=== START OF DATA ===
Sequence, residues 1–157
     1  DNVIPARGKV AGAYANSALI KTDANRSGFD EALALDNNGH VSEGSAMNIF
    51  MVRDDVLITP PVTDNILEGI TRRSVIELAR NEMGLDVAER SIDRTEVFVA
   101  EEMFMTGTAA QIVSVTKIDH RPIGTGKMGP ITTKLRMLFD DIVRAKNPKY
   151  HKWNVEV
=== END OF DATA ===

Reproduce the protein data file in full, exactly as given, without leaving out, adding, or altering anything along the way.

Sequence, residues 1–157
     1  DNVIPARGKV AGAYANSALI KTDANRSGFD EALALDNNGH VSEGSAMNIF
    51  MVRDDVLITP PVTDNILEGI TRRSVIELAR NEMGLDVAER SIDRTEVFVA
   101  EEMFMTGTAA QIVSVTKIDH RPIGTGKMGP ITTKLRMLFD DIVRAKNPKY
   151  HKWNVEV